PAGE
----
1-Text: Thomas Osborne, Pacific El Dorado (2013) Online at the Oviatt.

2-LisbethHaas, Saints and Citizens (2014) Online at the Oviatt.

3- Ruthanne Lum McCunn, Thousand Pieces of Gold (1981)

4-Philip Fradkin, Seven States of California (1995)

5-Additional Article Reading provided.

3. Assignments & Grading

California Curiosity Presentation, Class Participation, 10 % (100 pts)

Three Midterm Exams, 60 % (600 pts)

Three 4-6 page Essays, 30 % (300 pts)

Class Policies

Office Hours: I am on campus much, and I also do advisement for history students. My official Office Hours are Tuesdays 9:15 to 10 and Wednesdays 6 pm. . However, you can find me in my office additionally as listed on my advisement page (Just click "Yamane Advising" on my main Index page @ yamasun.net.

If you have any questions or concerns, please do not wait until the day before or after work is due. I encourage you to come by to see me with questions, comments, or d. In a large class, as many of our classes now are, individual meetings help me to know both you and your work better. As a general rule here at CSUN, you should push yourself to attend instructor office hours. You will get more out of your classes, and more out of CSUN.

Attendance: Come to class and please, be on time. You are responsible for what is covered and discussed in class. If you have to miss a class, get notes from another student, look them over, and then come by with any questions.

Leaving class, coming back, leaving class, returning. . . .please remain in class until the end unless you have an emergency. If you have to plan to leave early, please sit by the door. Thank-you from myself and the rest of the class that is distracted when students do this.

No Make Ups unless you have documented reasons.

Regarding CANVAS: Please note, I ONLY use Canvas for the TURNITIN LINK on written assignments. I DO NOT USE the grading feature, the email, nor any other part of this online platform. Again, I only use it for the Turnitin Plagiarism program, and when you open our class "tile," as they call it, the links will be easily visible. Any additional reading, along with power points, will be password protected on my webpage-syllabus or emailed.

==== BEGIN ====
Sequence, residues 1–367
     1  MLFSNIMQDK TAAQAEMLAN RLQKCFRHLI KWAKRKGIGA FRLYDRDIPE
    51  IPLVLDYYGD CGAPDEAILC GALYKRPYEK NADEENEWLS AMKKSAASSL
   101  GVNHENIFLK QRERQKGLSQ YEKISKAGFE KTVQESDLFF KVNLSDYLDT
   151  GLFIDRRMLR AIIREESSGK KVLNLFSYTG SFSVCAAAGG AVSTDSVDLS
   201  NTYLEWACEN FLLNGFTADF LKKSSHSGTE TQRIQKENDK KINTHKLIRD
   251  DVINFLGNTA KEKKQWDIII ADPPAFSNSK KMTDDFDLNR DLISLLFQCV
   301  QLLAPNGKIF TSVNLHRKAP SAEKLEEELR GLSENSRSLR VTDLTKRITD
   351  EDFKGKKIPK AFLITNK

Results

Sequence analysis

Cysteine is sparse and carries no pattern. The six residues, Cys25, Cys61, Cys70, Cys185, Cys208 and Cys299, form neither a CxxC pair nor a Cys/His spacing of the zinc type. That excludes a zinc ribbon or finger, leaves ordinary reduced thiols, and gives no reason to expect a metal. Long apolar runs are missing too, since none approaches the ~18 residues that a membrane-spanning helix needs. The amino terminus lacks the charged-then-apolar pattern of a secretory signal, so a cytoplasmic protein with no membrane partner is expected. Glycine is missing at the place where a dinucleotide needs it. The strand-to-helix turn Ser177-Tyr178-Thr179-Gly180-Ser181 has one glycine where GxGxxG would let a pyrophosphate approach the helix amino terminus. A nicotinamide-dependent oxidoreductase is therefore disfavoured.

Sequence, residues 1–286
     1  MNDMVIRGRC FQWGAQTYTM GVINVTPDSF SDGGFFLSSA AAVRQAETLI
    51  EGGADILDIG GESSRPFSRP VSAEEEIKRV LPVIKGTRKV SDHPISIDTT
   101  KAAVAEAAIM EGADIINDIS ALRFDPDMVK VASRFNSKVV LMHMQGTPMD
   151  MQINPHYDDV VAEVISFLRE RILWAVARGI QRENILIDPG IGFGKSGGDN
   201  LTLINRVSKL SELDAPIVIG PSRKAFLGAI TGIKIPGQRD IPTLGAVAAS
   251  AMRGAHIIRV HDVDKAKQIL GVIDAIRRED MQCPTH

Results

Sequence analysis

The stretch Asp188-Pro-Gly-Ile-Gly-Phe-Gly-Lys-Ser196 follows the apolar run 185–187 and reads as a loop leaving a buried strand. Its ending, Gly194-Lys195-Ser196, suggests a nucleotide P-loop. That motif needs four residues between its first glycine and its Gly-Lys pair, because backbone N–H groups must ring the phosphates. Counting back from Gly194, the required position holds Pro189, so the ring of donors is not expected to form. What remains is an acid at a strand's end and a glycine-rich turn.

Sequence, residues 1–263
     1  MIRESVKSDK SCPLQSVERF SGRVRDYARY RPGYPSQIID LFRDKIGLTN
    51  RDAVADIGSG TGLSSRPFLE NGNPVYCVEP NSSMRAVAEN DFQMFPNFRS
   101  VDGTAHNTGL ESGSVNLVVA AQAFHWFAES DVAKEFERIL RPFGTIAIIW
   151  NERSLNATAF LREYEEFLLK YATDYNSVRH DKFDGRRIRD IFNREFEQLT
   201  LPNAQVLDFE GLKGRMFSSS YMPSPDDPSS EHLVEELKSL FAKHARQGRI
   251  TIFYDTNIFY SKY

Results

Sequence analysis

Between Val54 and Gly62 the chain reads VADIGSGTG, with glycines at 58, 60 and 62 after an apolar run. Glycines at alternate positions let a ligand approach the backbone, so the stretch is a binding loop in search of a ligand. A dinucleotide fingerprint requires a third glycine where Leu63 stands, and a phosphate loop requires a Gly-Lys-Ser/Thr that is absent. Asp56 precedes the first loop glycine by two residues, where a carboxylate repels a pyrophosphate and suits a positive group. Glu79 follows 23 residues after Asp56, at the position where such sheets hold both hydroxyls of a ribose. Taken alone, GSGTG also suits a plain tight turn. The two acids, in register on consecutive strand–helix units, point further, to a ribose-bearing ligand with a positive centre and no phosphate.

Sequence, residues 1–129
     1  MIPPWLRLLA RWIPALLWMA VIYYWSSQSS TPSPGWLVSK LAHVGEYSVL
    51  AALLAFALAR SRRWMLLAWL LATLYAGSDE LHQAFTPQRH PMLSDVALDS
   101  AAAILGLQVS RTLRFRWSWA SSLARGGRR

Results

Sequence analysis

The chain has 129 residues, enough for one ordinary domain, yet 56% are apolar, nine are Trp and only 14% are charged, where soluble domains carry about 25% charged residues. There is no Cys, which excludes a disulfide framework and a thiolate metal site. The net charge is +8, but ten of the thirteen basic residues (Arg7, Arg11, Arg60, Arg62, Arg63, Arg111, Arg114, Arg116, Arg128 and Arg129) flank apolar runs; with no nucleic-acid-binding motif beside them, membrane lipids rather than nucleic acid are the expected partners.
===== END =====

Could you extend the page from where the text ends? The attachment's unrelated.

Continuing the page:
Computers, Phones, and Electronic in Class: Some people say that taking hand notes is much better for our memories than using computers. In any case, please do not come to class to watch movies or to email. Put in time and attention, and class time then will help with reading. Also, of course, no phones or electronic distractions.

Plagiarism. Using the words of others without proper quotations and citations is not allowed. Any time you "cut and paste" from the web or copy others', you render the assignment useless. Plagiarism does not help you to develop critical thinking and basic writing skills, and it is usually easy for instructors to discern. Why even bother? Reading, writing, then thinking about significance is not easy; it requires time and thoughtfulness. If you put in the time, you will be amazed by your ability write engaging essays. Also, you may ONLY use class material in your essays--that is, the required books and the additional assigned readings, as well as class lectures.